The Gynoecium



“Plants are what make the Earth the planet we know. Without them, our planet would very much resemble the images we have of Mars or Venus: a sterile ball of rock.” (Stefano Mancuso, The Nation of Plants).

“The rapid development as far as we can judge of all the higher plants within recent geological times is an abominable mystery.” (Charles Darwin).

No self-respecting botanist, even less so a zoologist, will ever admit that plants are utterly mystifying and may as well have come from Mars. But it is true.

Let me walk you through a thumbnail sketch of why this is true.

Firstly, guess what is the dominant life form on planet Earth? This figure says it all. Plants account for a staggering 80% the biomass of Earth with a far second being fungi and bacteria at 15%. Whales, lions, and you and me are in the rounding error of less than 1%. Put another way, planet Earth is essentially a plant planet. Everything else vanishes by comparison. This is one of the least appreciated and most jaw-dropping facts in biology.

Yet, to human beings, plants are alien in almost every conceivable way. Let me count the ways:

#1. Photon diets

Plants eat a diet of photons mostly from the sun which itself is made just of hydrogen and helium. The very vast majority of plants do not consume anything else. So the first and most prevalent atoms of the universe, hydrogen and helium generate massless bundles of energy that only plants have figured out how to harness to provide their every need. They did this by inventing photosynthesis and the chlorophyl molecule. In doing so, they also created an oxygenated planet some 2.4 billion years ago, which today supports the majority of life on Earth. These alone are accomplishments that far outshine any other organism on Earth.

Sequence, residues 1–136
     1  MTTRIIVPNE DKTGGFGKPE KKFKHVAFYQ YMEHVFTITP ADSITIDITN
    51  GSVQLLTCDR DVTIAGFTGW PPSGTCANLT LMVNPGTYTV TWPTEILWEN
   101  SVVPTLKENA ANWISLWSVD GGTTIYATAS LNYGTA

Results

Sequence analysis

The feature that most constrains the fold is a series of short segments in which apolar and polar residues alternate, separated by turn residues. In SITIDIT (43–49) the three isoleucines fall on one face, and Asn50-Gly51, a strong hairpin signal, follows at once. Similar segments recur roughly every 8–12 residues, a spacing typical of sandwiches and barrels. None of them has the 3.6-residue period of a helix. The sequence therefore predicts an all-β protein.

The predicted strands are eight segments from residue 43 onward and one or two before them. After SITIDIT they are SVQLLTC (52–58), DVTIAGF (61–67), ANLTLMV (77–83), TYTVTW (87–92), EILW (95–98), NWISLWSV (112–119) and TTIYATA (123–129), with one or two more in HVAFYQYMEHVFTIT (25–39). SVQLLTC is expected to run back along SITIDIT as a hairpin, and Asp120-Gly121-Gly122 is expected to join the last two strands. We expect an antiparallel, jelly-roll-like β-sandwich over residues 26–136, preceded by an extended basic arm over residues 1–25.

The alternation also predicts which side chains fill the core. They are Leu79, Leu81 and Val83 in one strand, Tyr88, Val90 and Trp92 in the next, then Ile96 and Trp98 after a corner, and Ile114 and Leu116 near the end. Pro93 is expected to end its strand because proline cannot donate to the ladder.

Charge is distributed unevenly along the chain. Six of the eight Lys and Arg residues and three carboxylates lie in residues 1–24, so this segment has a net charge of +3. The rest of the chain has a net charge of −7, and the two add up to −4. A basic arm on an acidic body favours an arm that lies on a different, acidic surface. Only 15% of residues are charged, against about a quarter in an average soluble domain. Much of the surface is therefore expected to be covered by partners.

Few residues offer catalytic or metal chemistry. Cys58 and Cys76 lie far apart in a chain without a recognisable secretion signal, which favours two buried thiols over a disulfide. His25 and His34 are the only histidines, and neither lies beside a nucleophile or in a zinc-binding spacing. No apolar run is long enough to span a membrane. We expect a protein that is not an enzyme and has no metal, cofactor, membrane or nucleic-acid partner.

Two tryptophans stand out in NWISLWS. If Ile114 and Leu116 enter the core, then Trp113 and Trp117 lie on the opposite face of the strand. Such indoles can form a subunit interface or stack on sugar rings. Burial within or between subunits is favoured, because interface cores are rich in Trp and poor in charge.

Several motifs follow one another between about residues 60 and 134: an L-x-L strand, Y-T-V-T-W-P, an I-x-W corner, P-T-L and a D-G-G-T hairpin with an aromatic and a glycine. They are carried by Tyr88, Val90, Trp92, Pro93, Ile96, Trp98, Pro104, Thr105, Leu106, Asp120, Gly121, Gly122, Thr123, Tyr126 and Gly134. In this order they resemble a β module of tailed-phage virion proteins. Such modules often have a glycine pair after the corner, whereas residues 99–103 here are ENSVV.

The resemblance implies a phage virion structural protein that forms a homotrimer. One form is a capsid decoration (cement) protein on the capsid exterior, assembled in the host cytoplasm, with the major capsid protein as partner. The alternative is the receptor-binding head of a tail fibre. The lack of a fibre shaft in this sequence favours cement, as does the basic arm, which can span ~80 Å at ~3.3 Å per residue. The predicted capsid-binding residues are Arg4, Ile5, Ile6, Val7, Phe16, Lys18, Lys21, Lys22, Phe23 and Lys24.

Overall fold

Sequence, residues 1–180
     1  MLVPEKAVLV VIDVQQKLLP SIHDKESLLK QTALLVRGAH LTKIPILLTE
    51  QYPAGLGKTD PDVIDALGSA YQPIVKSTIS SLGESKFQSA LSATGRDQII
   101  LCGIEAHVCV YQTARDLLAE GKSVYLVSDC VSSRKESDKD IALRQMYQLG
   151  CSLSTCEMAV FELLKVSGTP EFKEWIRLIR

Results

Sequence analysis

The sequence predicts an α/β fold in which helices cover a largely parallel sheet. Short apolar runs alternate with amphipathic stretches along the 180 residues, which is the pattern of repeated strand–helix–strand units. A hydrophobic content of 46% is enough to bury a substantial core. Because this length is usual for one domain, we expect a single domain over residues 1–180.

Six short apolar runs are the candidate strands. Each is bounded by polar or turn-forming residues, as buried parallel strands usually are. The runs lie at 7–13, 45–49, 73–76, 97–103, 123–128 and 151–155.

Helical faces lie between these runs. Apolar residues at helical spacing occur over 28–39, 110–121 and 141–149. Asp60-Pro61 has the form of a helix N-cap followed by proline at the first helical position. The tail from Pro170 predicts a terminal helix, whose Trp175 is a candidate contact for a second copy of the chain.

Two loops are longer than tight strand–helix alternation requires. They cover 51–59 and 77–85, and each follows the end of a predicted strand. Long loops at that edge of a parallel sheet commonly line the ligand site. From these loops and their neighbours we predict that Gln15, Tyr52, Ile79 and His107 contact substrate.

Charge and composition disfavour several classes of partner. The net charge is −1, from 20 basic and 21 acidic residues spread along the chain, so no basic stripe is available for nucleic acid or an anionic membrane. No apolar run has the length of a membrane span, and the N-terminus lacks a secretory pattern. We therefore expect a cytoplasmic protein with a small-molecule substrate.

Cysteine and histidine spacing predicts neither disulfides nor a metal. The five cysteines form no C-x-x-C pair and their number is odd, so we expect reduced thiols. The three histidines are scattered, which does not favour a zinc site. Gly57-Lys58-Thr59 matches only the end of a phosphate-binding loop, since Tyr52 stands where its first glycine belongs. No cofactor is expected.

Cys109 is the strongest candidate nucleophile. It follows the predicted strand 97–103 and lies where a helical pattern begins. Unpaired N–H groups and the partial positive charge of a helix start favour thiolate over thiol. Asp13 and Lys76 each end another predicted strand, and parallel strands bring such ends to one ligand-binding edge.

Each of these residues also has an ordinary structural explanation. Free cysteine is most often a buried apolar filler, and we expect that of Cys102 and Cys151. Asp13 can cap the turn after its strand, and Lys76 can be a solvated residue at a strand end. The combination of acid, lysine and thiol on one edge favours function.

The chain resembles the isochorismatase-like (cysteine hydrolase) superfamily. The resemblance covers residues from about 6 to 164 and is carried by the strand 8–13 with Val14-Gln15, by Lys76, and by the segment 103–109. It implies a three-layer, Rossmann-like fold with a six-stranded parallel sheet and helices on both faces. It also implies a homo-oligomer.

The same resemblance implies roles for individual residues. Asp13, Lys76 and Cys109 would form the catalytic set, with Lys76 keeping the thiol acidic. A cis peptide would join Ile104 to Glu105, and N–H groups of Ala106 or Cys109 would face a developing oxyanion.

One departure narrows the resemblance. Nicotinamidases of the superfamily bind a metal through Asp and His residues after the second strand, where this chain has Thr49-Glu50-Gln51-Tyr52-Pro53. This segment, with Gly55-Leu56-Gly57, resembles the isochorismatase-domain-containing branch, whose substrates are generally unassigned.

#2. Feeding the planet

In the food chain, plants ultimately feed everything else: herbivores eat plants and carnivores eat herbivores. The energy converted from those photons by plants has passed down this chain to everything that eats somebody else, which is mostly everything except plants and some microorganisms.

#3. Plant intelligence

Because plants do not move like animals move, they have failed our standard tests for intelligence, the maze; and combined with lacking a nervous system or a brain, the general consensus is that plants are lacking intelligence. But plants perform fairly complex calculations, in order to store starch in varied light conditions, or to catch prey in the case of the Venus Flytrap. They calculate the most efficient arrangements for their leaves to catch photons, and adjust them as the sun moves in the sky. The relatively new subject of plant intelligence has rattled many cages, but the positive results are now uncontroversial.

#4. Ability to evolve

Plants and can learn, adapt, and evolve at rates comparable to creatures with brains. The ability to learn and adapt has been widely seen by zoologists as a hallmark of advanced life forms.

#5. Different time scales

The seeming inability to move has misled us to think that they are stationary, but time lapse of plants growing, or flowers opening and closing have shown that they simply operate on different time scales than humans. One these time scales they are very active creatures.